Wendroff&Associates,LLC

News & Notices

What to do if You Can’t Pay your Taxes

The April 18 deadline to file your tax return is fast approaching, which means taxpayers have two options: send out your 2016 return to the IRS by the deadline or file for an extension by that date.

But what if you don’t have the funds to cover what you owe? What if you can’t pay your tax bill?

If this is the case, the good news is you have some options. But you need to make sure you stay on top of the situation to avoid costly penalties. Here’s what you should do.

The IRS recommends that if you can’t pay the amount you owe in full, you should still file your return by the April 18 deadline and pay as much as you can. Then, contact the IRS at 1-800-829-1040 to discuss your payment options.

Get an Extension

The IRS will automatically approve applications for a six-month filing extension to Oct. 17. All you need to do is file Form 4868 (Application for Automatic Extension of Time to File U.S. Individual Income Tax Return) by April 18 and you’ll buy yourself some time. The form is very easy to fill out, and what’s more, you don’t need a reason to ask for an extension. Just make sure that you accurately estimate your 2016 income tax liability and any amount still owing.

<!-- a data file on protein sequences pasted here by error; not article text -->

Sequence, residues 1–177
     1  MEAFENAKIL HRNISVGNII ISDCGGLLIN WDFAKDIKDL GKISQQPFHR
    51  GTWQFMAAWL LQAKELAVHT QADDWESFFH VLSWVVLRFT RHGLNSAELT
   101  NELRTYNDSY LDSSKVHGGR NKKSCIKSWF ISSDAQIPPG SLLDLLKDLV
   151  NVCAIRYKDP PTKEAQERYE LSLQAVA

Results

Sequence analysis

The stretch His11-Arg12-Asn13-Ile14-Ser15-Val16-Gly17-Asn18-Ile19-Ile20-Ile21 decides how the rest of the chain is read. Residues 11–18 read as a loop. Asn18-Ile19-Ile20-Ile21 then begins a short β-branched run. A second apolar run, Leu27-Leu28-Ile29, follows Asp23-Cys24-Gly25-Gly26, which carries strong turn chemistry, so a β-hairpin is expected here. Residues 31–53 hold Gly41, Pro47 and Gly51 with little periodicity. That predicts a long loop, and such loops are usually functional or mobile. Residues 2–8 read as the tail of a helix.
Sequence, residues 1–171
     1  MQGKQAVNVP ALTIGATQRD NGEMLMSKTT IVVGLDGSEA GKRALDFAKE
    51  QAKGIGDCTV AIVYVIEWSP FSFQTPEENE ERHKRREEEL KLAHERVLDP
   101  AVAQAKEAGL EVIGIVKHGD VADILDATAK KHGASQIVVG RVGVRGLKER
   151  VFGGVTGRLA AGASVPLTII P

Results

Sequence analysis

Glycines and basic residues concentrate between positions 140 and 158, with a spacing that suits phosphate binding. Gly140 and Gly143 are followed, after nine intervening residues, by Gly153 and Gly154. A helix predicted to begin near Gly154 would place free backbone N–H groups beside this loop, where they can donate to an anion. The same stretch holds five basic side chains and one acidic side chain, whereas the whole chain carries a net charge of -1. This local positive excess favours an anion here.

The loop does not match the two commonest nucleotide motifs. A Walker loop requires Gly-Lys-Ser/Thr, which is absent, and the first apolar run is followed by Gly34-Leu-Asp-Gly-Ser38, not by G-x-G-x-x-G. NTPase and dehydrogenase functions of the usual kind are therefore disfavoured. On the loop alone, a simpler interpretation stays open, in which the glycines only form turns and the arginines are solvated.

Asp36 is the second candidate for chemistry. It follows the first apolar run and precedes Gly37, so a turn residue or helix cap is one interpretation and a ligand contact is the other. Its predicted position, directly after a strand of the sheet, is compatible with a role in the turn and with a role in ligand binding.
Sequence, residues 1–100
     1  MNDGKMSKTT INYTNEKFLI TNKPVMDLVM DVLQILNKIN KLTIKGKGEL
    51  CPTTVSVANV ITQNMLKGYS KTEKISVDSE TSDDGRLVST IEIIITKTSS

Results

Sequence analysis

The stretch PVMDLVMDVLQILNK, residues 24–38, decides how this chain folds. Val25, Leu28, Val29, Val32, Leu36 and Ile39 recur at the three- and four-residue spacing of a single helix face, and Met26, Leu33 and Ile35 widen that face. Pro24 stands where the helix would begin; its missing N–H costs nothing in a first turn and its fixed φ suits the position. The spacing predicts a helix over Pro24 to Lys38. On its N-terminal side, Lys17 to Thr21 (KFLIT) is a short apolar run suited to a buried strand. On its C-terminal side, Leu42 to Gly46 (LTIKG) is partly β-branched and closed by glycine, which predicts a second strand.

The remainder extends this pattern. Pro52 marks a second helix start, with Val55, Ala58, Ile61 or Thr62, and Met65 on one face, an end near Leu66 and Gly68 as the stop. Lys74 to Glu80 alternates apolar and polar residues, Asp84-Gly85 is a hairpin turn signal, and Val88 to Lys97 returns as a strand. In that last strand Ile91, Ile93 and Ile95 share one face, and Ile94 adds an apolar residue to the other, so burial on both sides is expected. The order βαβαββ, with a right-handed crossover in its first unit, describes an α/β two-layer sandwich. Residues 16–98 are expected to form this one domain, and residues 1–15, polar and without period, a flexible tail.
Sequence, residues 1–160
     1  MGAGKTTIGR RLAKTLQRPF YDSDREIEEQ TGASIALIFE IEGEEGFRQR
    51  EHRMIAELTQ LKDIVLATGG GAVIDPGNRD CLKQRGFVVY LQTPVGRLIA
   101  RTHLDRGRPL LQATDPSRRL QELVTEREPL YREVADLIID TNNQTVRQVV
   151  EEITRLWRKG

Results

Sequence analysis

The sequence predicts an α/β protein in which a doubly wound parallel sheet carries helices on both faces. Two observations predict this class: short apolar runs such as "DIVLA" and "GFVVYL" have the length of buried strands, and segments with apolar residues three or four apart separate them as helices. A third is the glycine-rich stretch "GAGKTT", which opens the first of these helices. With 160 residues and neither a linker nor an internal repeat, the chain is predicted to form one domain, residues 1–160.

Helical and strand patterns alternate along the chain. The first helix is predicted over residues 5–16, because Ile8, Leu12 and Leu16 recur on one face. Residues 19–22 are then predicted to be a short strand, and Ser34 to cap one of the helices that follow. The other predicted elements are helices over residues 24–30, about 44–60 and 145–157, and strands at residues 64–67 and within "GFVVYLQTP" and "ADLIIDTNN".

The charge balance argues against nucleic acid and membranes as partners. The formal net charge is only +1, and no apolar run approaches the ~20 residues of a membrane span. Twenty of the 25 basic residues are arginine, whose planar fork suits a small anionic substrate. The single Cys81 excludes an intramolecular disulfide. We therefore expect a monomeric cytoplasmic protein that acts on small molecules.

Installment Agreement

You can also enter an agreement with the IRS to pay your tax bill in installments by filing Form 9465 (Installment Agreement Request) with your 2016, either on April 18 or by Oct. 16 if you get an extension. These agreements allow you to suggest your own terms, so if you owe $2,000, you could offer to pay $100 on the first of each month. Take note that installment agreement requests will be considered only if you owe less than $50,000 as an individual including all penalties and fees. Furthermore, you’ll be charged interest on your outstanding balance at a rate of .25 percent a month. While that’s a lower rate than what you would pay elsewhere, you still want to be sure that you pay off your bill as soon as possible. More information is available at https://www.irs.gov/individuals/payment-plans-installment-agreements.

Credit Card

If your bill is manageable enough, you can also pay with a credit card, as the IRS accepts Visa, MasterCard, Discover and American Express. But before taking this option, do your homework. What kind of interest rate will your credit card company charge? What sorts of fees will you incur? Compare costs and see if the installment agreement is a more financially sound choice.

What happens if I just don’t pay?

You need to pay your taxes, period.

Owing the IRS is no fun, and you won’t get away with it. Letting back taxes mount up will cost you significantly more money in the long run, and it can seriously damage your credit.

What’s more, if you let the situation get truly bad – usually owing somewhere around $10,000 – the government can put a lien on your house and tank your credit score. Interest can pile up, property can be seized, wages can be garnished.

In short, pay your taxes.

If you have any questions or need more information or assistance, call us at 703-553-1099.